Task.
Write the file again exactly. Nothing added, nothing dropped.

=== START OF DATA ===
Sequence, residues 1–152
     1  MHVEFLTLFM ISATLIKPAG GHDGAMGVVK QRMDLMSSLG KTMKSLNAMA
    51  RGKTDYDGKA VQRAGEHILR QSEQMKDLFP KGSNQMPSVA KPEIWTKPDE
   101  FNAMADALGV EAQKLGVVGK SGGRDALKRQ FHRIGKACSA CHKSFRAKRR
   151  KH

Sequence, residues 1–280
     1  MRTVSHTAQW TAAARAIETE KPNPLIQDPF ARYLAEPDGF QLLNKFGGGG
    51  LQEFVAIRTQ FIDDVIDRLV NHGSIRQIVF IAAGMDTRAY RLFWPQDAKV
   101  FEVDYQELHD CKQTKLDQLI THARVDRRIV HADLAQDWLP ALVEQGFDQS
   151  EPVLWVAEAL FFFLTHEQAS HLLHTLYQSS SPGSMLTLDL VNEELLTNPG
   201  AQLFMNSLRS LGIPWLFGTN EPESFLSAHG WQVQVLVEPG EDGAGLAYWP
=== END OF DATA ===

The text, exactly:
Sequence, residues 1–152
     1  MHVEFLTLFM ISATLIKPAG GHDGAMGVVK QRMDLMSSLG KTMKSLNAMA
    51  RGKTDYDGKA VQRAGEHILR QSEQMKDLFP KGSNQMPSVA KPEIWTKPDE
   101  FNAMADALGV EAQKLGVVGK SGGRDALKRQ FHRIGKACSA CHKSFRAKRR
   151  KH

Sequence, residues 1–280
     1  MRTVSHTAQW TAAARAIETE KPNPLIQDPF ARYLAEPDGF QLLNKFGGGG
    51  LQEFVAIRTQ FIDDVIDRLV NHGSIRQIVF IAAGMDTRAY RLFWPQDAKV
   101  FEVDYQELHD CKQTKLDQLI THARVDRRIV HADLAQDWLP ALVEQGFDQS
   151  EPVLWVAEAL FFFLTHEQAS HLLHTLYQSS SPGSMLTLDL VNEELLTNPG
   201  AQLFMNSLRS LGIPWLFGTN EPESFLSAHG WQVQVLVEPG EDGAGLAYWP